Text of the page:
The district court determined that Congress, via the Tucker Act, 28 U.S.C. § 1491, and the Little Tucker Act, "vested the Court of Federal Claims with exclusive jurisdiction to hear all claims against the United States founded upon the Constitution where the amount in controversy exceeds $10, 000." The court found no constitutional infirmity in this statutory framework, despite the fact that the Tucker Act prevents the landowners from filing their claims for damages exceeding $10, 000 in an Article III court, and litigants bringing claims in the Court of Federal Claims[2] or in the district court under the Little Tucker Act[3] are deprived of a jury trial. Further, because the landowners had failed to demonstrate that the Tucker Act and the Little Tucker Act were unconstitutional, the district court found that they had failed to demonstrate any basis for a declaratory judgment. The court therefore dismissed the complaint pursuant to Federal Rules of Civil Procedure 12(b)(1) and 12(b)(6). This appeal followed.[4]

         II.

         "We review questions of subject-matter jurisdiction and statutory interpretation de novo." Williams v. Duke Energy Int'l, Inc., 681 F.3d 788, 798 (6th Cir. 2012) (citation and quotation marks omitted). "The party opposing dismissal has the burden of proving subject matter jurisdiction." Elgharib v. Napolitano, 600 F.3d 597, 600 (6th Cir. 2010) (quoting Charvat v. GVN Mich., Inc., 561 F.3d 623, 627 (6th Cir. 2009)). We also review de novo a district court's decision to dismiss a declaratory judgment count for failure to state a claim. See Tyler v. Hillsdale Cty. Sheriff's Dep't, 837 F.3d 678, 685 (6th Cir. 2016) (en banc).

         The landowners assert that the district court has federal question jurisdiction, pursuant to 28 U.S.C. § 1331, to consider their Fifth Amendment claims. Alternatively, the landowners argue that, to the extent that the Tucker Act and the Little Tucker Act establish that the Court of Federal Claims has exclusive jurisdiction over the landowners' just-compensation claims, those Acts are unconstitutional because they deprive the landowners of review in an Article III court and by a jury.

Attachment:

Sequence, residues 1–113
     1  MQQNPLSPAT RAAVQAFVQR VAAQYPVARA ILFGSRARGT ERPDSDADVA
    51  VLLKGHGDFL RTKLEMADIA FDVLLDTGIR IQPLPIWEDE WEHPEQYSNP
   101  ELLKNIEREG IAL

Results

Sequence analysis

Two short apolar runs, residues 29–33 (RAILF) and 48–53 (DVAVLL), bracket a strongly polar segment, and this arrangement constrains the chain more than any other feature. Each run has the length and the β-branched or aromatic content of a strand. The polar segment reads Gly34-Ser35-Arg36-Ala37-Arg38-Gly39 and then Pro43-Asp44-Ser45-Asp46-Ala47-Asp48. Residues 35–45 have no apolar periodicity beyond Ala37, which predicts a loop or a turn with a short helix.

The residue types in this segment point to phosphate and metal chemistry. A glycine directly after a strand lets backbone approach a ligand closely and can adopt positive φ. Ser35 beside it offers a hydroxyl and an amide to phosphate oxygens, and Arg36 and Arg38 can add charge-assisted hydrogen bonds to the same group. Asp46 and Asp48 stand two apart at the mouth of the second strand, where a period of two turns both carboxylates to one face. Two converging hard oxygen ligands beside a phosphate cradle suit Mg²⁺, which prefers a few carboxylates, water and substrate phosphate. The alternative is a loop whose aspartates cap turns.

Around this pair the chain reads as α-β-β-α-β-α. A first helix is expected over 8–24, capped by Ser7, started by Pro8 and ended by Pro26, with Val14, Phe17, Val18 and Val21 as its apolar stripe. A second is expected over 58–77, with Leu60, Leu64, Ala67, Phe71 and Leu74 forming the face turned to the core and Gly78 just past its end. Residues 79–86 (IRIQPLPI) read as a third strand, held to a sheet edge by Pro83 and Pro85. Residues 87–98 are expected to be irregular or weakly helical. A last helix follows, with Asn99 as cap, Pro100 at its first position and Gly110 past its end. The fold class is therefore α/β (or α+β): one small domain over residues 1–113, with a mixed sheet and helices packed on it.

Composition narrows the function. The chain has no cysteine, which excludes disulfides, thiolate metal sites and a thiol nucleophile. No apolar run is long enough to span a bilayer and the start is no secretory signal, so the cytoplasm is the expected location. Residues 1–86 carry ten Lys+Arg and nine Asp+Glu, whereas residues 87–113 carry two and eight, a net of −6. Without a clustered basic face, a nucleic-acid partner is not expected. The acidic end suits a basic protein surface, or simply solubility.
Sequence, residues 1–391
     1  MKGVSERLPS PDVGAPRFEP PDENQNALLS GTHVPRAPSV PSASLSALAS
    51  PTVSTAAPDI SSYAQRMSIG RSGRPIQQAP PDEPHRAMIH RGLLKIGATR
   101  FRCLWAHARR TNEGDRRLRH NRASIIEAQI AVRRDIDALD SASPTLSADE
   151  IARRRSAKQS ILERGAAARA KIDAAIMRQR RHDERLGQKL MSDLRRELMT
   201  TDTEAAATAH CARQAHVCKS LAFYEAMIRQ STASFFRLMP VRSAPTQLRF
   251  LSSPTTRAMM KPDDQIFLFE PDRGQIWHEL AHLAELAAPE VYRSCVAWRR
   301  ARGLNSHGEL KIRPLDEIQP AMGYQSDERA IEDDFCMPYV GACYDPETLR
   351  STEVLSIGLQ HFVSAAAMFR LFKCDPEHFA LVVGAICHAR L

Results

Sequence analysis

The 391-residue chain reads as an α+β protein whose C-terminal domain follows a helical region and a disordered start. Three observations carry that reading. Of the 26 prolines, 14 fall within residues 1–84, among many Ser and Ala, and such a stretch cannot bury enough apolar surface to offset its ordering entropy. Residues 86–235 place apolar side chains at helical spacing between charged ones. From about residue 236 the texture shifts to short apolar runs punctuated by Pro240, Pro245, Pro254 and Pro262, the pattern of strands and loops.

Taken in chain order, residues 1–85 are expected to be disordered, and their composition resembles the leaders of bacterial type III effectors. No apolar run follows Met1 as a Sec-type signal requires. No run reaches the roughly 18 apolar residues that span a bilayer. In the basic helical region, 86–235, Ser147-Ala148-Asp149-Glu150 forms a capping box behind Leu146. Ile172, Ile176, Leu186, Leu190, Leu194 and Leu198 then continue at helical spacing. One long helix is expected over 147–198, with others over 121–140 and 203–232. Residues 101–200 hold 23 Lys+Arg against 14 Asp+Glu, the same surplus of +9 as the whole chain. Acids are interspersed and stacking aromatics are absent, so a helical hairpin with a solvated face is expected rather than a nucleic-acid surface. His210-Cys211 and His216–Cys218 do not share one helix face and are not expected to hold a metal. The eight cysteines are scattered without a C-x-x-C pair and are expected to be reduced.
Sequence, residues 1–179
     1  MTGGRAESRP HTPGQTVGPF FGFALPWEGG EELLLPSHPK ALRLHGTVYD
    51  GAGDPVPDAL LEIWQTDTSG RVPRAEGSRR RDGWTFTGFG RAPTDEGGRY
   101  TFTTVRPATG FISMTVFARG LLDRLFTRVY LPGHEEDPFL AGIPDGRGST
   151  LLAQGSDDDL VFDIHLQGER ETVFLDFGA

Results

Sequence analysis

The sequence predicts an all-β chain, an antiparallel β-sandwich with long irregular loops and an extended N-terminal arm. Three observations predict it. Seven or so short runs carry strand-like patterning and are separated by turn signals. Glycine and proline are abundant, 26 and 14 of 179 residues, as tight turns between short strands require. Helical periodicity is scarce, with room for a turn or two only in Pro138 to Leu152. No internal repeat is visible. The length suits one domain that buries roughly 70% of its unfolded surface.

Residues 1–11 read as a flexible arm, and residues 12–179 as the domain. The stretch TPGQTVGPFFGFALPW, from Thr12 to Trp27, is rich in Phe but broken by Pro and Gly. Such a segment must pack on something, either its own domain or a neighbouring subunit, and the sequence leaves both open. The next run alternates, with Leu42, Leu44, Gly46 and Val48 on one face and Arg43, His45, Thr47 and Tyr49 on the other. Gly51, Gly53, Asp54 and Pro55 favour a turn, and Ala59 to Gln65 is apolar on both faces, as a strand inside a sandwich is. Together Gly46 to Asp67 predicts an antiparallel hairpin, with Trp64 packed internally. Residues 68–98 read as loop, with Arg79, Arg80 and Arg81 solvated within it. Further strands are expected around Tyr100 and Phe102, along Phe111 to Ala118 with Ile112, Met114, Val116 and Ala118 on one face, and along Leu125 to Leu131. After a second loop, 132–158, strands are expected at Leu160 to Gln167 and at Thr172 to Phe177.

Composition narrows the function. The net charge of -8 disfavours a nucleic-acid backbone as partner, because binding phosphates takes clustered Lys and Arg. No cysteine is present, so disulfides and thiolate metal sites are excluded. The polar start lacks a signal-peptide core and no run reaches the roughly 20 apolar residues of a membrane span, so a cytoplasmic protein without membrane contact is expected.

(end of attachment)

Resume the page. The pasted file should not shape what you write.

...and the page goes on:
III.

         Federal district courts do not have subject matter jurisdiction to consider just-compensation claims for money damages in excess of $10, 000 against the United States. Rather the Tucker Act vests jurisdiction over such claims in the Court of Federal Claims. In pertinent part, the Tucker Act states that

The United States Court of Federal Claims shall have jurisdiction to render judgment upon any claim against the United States founded either upon the Constitution, or any Act of Congress or any regulation of an executive department, or upon any express or implied contract with the United States, or for liquidated or unliquidated damages in cases not sounding in tort. . . .

28 U.S.C. § 1491(a)(1). The Little Tucker Act grants federal district courts concurrent jurisdiction for non-tort claims for money damages under $10, 000 against the United States. Under the Little Tucker Act,

The district courts shall have original jurisdiction, concurrent with the United States Court of Federal Claims, of: . . . (2) Any other civil action or claim against the United States, not exceeding $10, 000 in amount, founded either upon the Constitution, or any Act of Congress, or any regulation of an executive department, or upon any express or implied contract with the ...